He may have been the superstar poet of 15th century France, but François Villon was also a drunken brawler, a bandit and a murderer — in short, a complicated guy who embodied the conflicted paths of art, morality and class warfare explored in the Padua Playwrights production of Murray Mednick’s new play, “Villon,” at the Odyssey Theatre.
Though shaped by the few known biographical details of Villon’s sensational career as a scholar-turned-outlaw, don’t expect a swashbuckling thrill ride. It’s a Mednick play. Admirers of his uncompromising style will appreciate this densely cerebral deconstruction of events, related largely through direct address to the audience rather than traditional theatrical presentation.
Portrayed with gleeful lack of repentance by charismatic Kevin Weisman, the rough-hewn, bad-boy Villon cycles through his rescue from an impoverished, abusive household, his abandoned academic career and his frequent run-ins with the law while leading a band of robbers.
That he also invented revolutionary forms of poetry is treated as a given — the inseparability of greatness from the gutter is the recurring focus as Villon examines his life with equally unsparing contempt for posterity and for himself.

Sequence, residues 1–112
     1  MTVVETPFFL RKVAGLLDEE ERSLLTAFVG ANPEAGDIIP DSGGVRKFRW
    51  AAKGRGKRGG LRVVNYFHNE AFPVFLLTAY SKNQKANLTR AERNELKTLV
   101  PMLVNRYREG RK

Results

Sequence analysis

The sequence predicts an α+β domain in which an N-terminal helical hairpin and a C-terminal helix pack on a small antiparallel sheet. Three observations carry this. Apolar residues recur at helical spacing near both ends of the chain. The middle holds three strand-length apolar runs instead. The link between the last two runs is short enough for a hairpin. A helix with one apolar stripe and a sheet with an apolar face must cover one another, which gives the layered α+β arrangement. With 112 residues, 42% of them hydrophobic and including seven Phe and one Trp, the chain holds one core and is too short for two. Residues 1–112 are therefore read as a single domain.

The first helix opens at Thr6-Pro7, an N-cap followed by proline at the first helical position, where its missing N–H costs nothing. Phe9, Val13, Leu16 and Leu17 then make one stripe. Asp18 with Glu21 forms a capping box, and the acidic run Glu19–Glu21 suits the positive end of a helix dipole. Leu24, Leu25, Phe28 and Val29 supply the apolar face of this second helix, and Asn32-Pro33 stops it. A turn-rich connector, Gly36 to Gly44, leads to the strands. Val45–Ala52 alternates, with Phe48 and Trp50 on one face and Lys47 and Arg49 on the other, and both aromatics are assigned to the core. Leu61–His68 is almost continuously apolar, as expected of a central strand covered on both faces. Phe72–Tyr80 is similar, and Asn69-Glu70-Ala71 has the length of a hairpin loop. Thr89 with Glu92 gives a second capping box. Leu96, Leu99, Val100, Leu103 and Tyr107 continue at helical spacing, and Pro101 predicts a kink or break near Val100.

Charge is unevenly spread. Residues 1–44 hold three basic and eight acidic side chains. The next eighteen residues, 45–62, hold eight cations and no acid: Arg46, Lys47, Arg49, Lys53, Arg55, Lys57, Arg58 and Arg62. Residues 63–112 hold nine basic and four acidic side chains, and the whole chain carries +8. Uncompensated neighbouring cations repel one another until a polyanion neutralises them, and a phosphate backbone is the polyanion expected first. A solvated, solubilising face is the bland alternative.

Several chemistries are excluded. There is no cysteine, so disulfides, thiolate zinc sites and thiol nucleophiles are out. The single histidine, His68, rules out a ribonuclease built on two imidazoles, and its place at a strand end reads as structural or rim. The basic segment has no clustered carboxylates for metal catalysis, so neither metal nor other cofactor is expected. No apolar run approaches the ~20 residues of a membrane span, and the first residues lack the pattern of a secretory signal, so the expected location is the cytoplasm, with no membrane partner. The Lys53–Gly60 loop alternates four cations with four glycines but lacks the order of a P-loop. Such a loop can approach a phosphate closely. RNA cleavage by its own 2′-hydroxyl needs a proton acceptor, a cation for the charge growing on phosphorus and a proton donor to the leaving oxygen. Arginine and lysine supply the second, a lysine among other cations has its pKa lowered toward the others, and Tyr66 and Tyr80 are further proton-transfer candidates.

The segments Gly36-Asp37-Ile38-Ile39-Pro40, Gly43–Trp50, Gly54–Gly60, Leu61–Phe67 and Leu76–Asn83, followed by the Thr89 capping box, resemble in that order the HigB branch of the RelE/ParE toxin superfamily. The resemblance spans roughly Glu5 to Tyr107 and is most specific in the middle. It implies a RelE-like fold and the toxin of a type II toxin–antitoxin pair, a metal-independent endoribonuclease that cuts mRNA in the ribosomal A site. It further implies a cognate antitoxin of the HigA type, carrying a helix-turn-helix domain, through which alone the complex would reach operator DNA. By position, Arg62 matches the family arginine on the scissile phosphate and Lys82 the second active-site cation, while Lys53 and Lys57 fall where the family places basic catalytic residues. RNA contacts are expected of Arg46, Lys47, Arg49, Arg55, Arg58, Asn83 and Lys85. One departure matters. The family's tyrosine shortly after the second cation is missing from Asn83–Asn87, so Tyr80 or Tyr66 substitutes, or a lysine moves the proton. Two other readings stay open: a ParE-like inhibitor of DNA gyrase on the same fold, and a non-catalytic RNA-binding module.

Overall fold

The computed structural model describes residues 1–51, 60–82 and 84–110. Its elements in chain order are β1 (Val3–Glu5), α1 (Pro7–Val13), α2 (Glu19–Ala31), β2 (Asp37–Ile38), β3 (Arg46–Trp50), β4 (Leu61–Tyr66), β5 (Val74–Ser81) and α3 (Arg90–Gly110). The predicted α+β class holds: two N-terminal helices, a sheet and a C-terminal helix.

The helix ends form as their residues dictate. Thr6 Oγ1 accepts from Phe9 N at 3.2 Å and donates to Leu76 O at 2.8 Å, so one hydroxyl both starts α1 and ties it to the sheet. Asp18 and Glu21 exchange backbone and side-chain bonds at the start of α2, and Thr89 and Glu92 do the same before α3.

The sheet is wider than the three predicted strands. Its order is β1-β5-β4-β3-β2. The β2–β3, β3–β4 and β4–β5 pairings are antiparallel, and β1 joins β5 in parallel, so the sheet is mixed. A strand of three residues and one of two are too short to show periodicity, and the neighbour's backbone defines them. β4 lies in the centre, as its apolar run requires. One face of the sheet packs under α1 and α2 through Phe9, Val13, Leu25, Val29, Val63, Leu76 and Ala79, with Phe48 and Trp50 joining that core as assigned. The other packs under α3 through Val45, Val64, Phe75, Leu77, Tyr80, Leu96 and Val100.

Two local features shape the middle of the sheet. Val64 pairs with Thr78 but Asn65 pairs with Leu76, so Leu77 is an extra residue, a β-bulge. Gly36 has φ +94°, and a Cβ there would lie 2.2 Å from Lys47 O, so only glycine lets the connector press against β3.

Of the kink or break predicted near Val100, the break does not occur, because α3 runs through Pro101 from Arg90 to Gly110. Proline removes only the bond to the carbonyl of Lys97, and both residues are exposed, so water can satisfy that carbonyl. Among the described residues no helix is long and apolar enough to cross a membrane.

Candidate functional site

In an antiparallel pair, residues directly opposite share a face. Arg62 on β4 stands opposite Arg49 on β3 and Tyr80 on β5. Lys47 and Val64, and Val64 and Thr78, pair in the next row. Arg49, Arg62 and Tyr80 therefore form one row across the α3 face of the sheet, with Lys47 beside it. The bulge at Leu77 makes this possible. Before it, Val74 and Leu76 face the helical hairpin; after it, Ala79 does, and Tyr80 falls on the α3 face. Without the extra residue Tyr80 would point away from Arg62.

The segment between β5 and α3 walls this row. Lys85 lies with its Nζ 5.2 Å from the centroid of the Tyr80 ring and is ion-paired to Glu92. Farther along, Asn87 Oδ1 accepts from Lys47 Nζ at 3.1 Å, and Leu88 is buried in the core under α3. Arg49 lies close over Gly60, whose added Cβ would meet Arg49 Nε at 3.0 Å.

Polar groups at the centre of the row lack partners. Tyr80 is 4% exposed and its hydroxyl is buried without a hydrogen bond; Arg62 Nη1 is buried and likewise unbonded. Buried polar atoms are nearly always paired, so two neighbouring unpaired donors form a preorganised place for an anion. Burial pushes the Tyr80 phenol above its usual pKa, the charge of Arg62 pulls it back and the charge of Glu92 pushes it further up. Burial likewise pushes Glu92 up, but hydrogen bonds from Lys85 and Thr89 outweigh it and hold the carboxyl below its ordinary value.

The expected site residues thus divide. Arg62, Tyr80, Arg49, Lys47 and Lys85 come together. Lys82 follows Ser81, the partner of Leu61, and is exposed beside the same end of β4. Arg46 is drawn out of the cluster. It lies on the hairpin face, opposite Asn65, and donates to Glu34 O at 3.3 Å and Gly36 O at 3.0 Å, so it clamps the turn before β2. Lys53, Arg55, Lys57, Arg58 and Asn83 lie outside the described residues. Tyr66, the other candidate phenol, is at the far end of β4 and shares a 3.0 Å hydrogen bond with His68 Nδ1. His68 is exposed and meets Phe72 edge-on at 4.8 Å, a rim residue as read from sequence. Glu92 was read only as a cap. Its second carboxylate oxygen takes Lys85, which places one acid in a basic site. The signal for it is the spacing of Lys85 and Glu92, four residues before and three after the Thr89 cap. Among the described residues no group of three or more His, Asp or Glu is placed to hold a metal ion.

Villon and his accomplices sometimes traveled in the guise of troubadours. This lends meta-theatrical layering as he enlists them in fragmentary re-enactments, frequently revising “truth” to suit narrative convenience and breaking up extensive exposition with incongruous flashes of vaudevillian shtick. Among the ragtag ensemble, Peggy Ann Blow supplies the most vivid and nuanced character as Villon’s fearless hunchbacked partner and confidante.
Mednick ties the piece together with a hauntingly poetic meditation on the nature of evil and self-awareness, but he makes you work for it — unprepared viewers may find this a challenging intellectual slog.
“Villon.” Odyssey Theatre, 2055 S. Sepulveda Blvd., Los Angeles. 8 p.m. Fridays and Saturdays, 7 p.m. Sundays. Ends March 23. $30. (310) 477-2055, Ext. 2, or www.paduaplaywrights.org. Running time: 1 hour, 40 minutes
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